FIG. 1 is a top plan view of the cylinder head of an internal combustion engine constructed in accordance with an embodiment of the invention, with the auxiliaries as well as the cam cover and timing chain cover removed.
FIG. 2 is an enlarged top plan view in the area of the rear side of the intake camshaft, looking in the same direction and shown in the same condition as FIG. 1, and shows how the timing sensor is mounted and related to this camshaft.
FIG. 3 is an enlarged cross-sectional view taken along the line 3—3 of FIG. 2.
FIG. 4 is an enlarged cross-sectional view taken along the line 4—4 of FIG. 2.
In the figures a portion of an internal combustion engine that embodies the invention is shown and is identified generally by the reference numeral 11. The engine portion 11 comprises a part of a cylinder head assembly of the engine with portions, as noted in the brief description of the drawings, removed. The removed portions comprise the intake and exhaust manifolds and associated induction and exhaust systems, the timing case cover, the spark plugs, fuel injectors, and cam cover. These components are removed in FIG. 1 so as to more clearly show the construction associated with the invention, which relates to the engine timing sensor and its mounting arrangement. The removed portions may be considered to be of any conventional construction.
In the illustrated embodiment, the cylinder head 11 is that of either a four-cylinder in-line engine or the cylinder head of one bank of a V- or opposed-type eight-cylinder engine. Although the invention is described in conjunction with engines having such configurations, it will be readily apparent to those skilled in the art how the invention may be applied to engines having other cylinder numbers and other cylinder configurations.
The cylinder head assembly 11 is comprised of a main cylinder head casting 12 which is adapted to be affixed in sealing relationship to an associated cylinder block to form the combustion chambers of the engine. For the reasons aforenoted, a description of the remaining construction of the engine is not believed to be necessary to permit those skilled in the art to practice the invention. Therefore it is not shown and will not be described.
In the illustrated embodiment, the cylinder head 11 is for a twin overhead cam engine, and therefore includes an intake camshaft 13 and an exhaust camshaft 14 that are rotatably journaled within the cylinder head casting 12 in a manner which will be described. The intake camshaft 13 has individual cam lobes 15 that cooperate with suitable valve actuating mechanisms such as thimble tappets or the like 16 for operating intake valves that are slidably supported in the cylinder head casting 12 in any manner well known in this art.
In a like manner the exhaust camshaft 14 has cam lobes 17 that cooperate with suitable actuating mechanisms such as thimble tappets 18 for actuating exhaust valves which are also mounted in the cylinder head casting 12 in a known manner.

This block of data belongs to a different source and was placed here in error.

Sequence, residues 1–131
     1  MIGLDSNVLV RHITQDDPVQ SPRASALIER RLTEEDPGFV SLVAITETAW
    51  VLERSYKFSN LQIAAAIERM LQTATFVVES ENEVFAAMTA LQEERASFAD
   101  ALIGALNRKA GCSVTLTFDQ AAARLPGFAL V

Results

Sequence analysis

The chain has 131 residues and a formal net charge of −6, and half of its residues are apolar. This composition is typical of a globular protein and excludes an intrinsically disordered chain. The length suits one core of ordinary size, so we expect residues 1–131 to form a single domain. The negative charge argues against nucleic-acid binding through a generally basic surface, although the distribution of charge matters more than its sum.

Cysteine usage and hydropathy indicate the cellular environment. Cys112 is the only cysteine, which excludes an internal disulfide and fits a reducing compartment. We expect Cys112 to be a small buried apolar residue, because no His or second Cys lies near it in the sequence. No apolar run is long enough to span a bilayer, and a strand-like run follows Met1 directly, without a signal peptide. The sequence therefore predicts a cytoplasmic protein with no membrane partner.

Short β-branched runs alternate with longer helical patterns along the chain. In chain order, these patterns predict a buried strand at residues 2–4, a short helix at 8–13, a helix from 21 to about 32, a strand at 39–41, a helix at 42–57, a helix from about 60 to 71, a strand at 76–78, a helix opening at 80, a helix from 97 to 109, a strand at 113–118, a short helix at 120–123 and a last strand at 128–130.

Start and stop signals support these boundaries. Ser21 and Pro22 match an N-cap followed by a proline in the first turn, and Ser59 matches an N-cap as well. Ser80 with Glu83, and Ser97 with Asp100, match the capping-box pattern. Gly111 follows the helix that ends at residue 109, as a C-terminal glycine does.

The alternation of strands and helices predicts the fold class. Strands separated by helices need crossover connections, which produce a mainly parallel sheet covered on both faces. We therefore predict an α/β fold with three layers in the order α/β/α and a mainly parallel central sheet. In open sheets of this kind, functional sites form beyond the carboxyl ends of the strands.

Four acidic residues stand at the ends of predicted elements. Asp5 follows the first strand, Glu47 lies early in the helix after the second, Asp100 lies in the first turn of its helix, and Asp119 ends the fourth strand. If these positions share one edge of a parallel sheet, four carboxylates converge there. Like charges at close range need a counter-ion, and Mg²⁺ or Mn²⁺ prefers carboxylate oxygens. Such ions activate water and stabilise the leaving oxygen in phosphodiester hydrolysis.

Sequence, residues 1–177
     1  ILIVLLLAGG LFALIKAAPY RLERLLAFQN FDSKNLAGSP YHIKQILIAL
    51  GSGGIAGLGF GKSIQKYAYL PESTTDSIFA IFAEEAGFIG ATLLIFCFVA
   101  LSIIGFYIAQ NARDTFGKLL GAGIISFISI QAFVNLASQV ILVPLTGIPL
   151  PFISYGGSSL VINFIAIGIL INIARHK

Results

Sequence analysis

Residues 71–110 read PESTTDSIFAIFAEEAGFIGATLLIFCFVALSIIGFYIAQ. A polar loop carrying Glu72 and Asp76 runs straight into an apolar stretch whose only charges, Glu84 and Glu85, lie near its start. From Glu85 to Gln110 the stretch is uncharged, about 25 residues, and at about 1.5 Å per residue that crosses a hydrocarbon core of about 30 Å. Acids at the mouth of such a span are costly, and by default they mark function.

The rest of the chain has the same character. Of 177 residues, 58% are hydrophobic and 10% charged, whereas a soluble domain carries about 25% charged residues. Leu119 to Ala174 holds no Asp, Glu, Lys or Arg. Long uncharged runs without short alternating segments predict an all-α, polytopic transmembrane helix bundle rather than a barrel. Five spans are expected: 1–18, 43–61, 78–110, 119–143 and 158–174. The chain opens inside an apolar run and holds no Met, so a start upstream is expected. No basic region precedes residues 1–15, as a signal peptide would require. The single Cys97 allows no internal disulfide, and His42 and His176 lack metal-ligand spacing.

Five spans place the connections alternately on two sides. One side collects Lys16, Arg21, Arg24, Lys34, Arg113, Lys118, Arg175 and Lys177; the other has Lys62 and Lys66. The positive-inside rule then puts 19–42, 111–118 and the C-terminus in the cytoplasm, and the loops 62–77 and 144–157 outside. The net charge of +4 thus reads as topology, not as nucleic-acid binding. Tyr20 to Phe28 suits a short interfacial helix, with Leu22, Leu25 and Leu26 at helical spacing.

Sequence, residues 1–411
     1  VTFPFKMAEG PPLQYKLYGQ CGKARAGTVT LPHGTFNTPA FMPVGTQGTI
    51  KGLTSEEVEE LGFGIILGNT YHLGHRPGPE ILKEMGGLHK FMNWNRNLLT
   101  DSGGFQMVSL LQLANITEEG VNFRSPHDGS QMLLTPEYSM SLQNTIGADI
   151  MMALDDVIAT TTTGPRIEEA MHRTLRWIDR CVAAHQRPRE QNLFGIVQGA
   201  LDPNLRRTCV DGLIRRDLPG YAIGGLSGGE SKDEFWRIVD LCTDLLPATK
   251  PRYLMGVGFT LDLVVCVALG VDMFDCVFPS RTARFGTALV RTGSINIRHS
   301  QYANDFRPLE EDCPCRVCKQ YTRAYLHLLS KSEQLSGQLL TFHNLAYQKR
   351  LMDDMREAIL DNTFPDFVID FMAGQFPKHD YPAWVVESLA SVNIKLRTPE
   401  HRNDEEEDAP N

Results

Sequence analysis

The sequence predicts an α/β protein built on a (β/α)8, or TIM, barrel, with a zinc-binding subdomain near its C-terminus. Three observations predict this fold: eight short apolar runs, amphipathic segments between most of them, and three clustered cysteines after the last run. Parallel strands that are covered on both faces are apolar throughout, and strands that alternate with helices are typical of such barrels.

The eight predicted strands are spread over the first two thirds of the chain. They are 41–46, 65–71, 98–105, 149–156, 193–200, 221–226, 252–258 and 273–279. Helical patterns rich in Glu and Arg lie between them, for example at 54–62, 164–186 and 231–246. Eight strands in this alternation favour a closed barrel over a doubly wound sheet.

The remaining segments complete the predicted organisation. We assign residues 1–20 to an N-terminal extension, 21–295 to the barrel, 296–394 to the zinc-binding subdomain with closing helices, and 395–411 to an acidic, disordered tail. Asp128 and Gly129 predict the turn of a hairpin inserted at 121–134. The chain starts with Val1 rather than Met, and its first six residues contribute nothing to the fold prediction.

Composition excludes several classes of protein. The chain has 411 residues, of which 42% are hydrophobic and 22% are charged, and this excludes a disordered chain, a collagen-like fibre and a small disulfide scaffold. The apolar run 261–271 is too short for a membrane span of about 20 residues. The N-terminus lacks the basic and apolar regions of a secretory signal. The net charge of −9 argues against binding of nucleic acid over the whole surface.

In the illustrated embodiment, the engine is depicted as being of the four-valve-per-cylinder type. Again, this is only exemplary of one way in which the invention may be practiced and any known type of valve arrangement may be employed. In addition, the porting associated with the intake valves and exhaust valves is not depicted for reasons which have also been noted and should be readily apparent.
In the illustrated construction, the intake camshaft 13 is provided with individual bearing surfaces disposed between the cam lobes 15 for each cylinder. These bearing surfaces are journaled within integral cylinder head casting bearing surfaces 19 that are formed in the cylinder head casting 12 and which generally have cylindrical segmented surfaces that are complementary to the camshaft bearing surfaces.
In addition, intake camshaft bearing caps, indicated generally by the reference numeral 21, each have similar semi-cylindrical bearing surfaces that cooperate with the cylinder head bearing surfaces for journaling these camshaft bearing surfaces. The bearing caps 21 are affixed to the cylinder head by threaded fasteners 22 in a manner that is well known in this art.
In a similar manner the exhaust side of the cylinder head casting 12 is provided with integral exhaust camshaft bearing surfaces 23 which cooperate with bearing surfaces formed on the exhaust camshaft 14 between the pairs of lobes 17 associated with each cylinder. Bearing caps 24 are affixed to the cylinder head casting 12 by threaded fasteners 25 so as to complete the journal support for the exhaust camshaft 14.
In addition to these intermediate bearing supports, the intake and exhaust camshafts 13 and 14 are provided with end bearing surfaces on the forward or driving end which are journaled in complementary bearing surfaces formed in the ends of the cylinder head casting 12 and by respective bearing caps 26 and 27 that are affixed to the cylinder head casting 12 by threaded fasteners 28 and 29, respectively.